Howard Cooke and Simon Woodhead (2008), “Break strategy – the key to breaking out”, Journal of Corporate Real Estate, Vol. 10 No. 2
This paper would primarily be of use to a UK-based readership. Although the paper might be topical in the UK because of the declining commercial real estate market, it will have a very narrow interest beyond the UK because the UK landlord and tenant law has very little overlap in the global marketplace. The article is one that could be published by the RICS or the EG under best practices/recent case law.
The paper is well researched and clearly benefits from an actual case study. The break option has been a part of UK commercial leases since the 1970s/1980s and has been used to effect in other down cycles. The reviewer has personal experience of negotiating break options and the implication of the underlying message – read the lease contract carefully – is clearly the lesson learned although it is difficult to believe that this is really new news.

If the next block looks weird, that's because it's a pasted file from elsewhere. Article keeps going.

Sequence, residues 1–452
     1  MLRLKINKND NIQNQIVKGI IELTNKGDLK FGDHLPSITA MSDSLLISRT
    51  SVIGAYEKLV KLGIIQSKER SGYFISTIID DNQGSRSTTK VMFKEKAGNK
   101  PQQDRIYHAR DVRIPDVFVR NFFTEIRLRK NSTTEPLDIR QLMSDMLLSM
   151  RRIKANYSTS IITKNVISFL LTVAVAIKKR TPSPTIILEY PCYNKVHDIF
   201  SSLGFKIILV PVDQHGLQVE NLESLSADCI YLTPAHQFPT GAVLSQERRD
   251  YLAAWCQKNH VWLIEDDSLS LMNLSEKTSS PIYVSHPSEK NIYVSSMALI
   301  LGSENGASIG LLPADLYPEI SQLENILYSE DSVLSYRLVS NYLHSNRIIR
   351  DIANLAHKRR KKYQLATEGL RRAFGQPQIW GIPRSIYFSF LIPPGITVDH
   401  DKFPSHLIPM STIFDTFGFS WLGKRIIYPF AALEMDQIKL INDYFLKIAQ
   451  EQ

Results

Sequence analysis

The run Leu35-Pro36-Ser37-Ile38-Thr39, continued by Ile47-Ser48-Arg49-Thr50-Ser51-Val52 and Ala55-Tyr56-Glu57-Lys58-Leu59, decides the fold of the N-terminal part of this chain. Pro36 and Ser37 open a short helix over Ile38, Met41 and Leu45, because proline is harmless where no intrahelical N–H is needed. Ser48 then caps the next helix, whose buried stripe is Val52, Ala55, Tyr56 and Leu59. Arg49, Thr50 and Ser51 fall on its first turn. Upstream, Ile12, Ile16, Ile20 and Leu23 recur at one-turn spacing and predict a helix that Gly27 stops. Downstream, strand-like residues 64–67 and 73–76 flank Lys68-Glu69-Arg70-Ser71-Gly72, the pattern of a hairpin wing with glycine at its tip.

To make it relevant on a global scale, the authors might consider broadening the discussion to include the impact of new accounting standards – IFRS, and the accounting rules associated with reserving losses.
Ting Kien Hwa (2008), “Sources of net present value gains in the acquisitions of corporate real estate”, Journal of Corporate Real Estate, Vol. 10 No. 2
This could be a very interesting subject because the underlying value of real estate is frequently ignored or misunderstood during the M&A due to diligence process and there are value investors that transcend core businesses and real estates that look carefully at the underlying nbv of assets and are able to mark to market to improve cash flow and earnings either through outright sales of assets or through refinancing like sale and leaseback or debt restructuring.